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Legal Literature

Legal Literature Details
Member State Romania
Title Conformity obligation - with special reference to consumer sales
Subtitle
Type article
URL
Author POPA, I.-F.
Reference Pandectele Romane Review, no. 5/2005
Publication Year 2005
Keywords conformity with the contract, consumer rights

Consumer Sales and Guarantees Directive, Article 2, 2. Consumer Sales and Guarantees Directive, Article 2, 2., (a) Consumer Sales and Guarantees Directive, Article 2, 2., (b) Consumer Sales and Guarantees Directive, Article 2, 2., (c) Consumer Sales and Guarantees Directive, Article 2, 2., (d) Consumer Sales and Guarantees Directive, Article 2, 3. Consumer Sales and Guarantees Directive, Article 3, 2.

The author analyses the conformity obligation as regulated in the national legislation. In particular, he analyses the legal particularities of such obligation under Law no. 449/2003 on consumer goods sales (which transposes the provisions of Directive 1999/44/EC) ("Law 449/2003"). The most important aspects to be retained are the following:

• In case Law 449/2003 does not provide certain aspects, it shall be completed with the provisions of Government Ordinance no. 21/1995 on consumer protection.
• Law 449/2003 shall not apply for real estate and services when such services are not attached to a sale
• Law 449/2003 regulates the conformity obligation by taking into consideration both objective (conformity with the sale-purchase agreement) and subjective (the consumer's expectation) aspects.
• The legal nature of the conformity obligation:
o The seller's negligence does not affect the appreciation regarding the performance / non-performance of its obligation;
o As a rule, it is a contractual obligation. By way of exception, it is a legal obligation in case another consumer (who is not the first buyer) challenges the conformity of the good.
• The conditions of non-conformity
o Non-conformity must exist at the moment of the delivery, which is interpreted as the moment of handover of the goods;
o Non-conformity must not be known to the buyer at the moment of the purchase;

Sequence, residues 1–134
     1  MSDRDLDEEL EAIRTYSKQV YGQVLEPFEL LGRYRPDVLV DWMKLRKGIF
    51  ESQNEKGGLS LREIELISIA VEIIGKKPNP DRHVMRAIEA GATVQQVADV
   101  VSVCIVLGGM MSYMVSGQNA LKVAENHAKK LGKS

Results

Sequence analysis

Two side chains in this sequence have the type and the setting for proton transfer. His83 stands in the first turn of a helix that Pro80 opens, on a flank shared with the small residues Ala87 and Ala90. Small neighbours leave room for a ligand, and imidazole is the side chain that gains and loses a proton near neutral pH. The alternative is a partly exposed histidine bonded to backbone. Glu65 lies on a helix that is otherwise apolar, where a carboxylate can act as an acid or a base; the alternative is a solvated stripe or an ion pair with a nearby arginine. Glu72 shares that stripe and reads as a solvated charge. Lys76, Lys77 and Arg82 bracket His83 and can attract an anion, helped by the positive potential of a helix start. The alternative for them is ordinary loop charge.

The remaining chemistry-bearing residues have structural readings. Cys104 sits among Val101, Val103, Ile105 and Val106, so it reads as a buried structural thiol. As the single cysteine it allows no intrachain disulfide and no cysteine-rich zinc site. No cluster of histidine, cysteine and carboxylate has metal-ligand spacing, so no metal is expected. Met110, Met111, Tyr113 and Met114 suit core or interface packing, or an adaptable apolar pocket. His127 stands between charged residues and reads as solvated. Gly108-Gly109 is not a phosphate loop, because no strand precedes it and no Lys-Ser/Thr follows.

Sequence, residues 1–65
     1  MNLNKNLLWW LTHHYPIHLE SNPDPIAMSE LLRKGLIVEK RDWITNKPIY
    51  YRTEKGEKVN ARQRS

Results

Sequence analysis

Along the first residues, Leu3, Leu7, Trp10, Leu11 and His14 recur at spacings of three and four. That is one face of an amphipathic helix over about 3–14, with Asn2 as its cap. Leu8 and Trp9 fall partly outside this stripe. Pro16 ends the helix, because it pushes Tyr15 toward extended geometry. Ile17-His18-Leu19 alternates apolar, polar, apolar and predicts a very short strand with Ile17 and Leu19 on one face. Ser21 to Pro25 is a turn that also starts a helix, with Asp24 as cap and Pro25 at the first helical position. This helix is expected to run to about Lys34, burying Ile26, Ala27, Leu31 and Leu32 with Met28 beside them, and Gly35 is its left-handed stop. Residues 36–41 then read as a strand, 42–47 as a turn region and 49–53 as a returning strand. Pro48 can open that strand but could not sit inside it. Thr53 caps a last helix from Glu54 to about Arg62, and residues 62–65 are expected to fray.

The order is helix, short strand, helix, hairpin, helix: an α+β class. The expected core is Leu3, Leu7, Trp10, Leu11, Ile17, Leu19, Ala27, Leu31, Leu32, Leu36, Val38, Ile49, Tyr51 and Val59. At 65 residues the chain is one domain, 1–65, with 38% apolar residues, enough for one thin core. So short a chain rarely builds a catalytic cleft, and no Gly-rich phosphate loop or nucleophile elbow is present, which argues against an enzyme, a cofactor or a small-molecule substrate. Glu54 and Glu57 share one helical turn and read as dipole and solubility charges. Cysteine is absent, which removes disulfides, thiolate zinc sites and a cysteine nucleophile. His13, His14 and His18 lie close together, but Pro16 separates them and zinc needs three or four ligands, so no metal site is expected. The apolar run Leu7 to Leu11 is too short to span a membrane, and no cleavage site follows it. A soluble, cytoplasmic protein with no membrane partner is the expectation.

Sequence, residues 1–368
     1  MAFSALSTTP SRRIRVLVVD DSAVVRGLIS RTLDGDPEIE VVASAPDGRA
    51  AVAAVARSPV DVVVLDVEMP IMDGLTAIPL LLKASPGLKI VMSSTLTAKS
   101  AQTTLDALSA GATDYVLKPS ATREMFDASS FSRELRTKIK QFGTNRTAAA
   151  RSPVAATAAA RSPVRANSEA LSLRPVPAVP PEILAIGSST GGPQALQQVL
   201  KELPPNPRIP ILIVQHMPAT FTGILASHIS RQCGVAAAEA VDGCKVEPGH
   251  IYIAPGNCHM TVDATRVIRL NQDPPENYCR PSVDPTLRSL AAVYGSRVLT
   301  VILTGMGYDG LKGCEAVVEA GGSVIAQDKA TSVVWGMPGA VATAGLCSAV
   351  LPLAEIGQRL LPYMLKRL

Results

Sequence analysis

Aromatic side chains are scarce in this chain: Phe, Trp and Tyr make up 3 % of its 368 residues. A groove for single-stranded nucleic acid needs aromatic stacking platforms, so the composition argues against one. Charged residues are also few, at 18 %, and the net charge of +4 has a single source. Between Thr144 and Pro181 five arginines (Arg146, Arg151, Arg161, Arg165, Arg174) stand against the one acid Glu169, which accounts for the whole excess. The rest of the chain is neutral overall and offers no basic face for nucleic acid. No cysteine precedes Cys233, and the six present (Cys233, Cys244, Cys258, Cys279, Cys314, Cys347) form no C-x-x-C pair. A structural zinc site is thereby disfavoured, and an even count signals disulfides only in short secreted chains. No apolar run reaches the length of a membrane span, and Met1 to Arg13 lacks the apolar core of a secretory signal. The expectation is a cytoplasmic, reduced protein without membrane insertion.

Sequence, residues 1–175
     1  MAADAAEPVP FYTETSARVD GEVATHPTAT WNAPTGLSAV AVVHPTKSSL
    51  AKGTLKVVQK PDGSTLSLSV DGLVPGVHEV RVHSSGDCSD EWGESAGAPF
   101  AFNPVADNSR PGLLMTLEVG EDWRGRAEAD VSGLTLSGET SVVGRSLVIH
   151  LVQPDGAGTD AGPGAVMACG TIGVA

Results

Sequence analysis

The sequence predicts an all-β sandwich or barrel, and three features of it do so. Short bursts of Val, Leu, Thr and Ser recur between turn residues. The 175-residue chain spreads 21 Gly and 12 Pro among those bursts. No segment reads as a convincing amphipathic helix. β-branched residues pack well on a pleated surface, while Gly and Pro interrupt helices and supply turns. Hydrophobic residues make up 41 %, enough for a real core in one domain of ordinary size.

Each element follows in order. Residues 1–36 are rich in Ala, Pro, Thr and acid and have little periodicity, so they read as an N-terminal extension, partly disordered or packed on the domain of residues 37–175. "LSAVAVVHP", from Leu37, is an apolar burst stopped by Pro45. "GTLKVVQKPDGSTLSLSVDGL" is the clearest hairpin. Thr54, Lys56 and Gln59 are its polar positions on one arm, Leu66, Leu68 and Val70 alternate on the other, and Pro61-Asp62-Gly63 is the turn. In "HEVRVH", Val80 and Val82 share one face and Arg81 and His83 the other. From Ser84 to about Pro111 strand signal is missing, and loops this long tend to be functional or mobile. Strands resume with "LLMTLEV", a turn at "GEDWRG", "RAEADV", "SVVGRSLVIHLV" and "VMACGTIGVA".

o The degree of non-conformity. In case of consumer sale, the goods should be perfect. However, minor departure from this requirement is allowed by the non-conformity unit of measurement: national standards SR ISO 1951/1998 and regulations related to conformity.
• Proof of non-conformity: Law 449/2003 regulates a relative presumption against the seller. When the buyer proves the non-conformity, there is presumption that the non-conformity existed at the moment of the purchase. Therefore the seller must prove the existence of an exonerating cause.
• Legal terms:
o The lack of conformity must become apparent within 2 years from delivery. The lack of conformity must only become apparent within this term and not necessarily discovered and notified to the seller. However, the general limitation term, as well as the two months term (as described below) should be observed.
o The 2 months term for informing the seller about the lack of conformity. The term starts to run from the moment the effective discovery of the faults. It should be noted such term may be extended by agreement of the parties.
o The 6 months term from delivery of the product. If the non-conformity becomes apparent within this term, it shall be presumed to have existed at the moment of the purchase. Therefore, after this term, the consumer shall prove the lack of conformity according to the requirements regulated by law.
The article was published in Pandectele Romane Review, no. 5/2005 and refers to Law no. 449/2003 which transposes the provisions of Directive 1999/44/EC.

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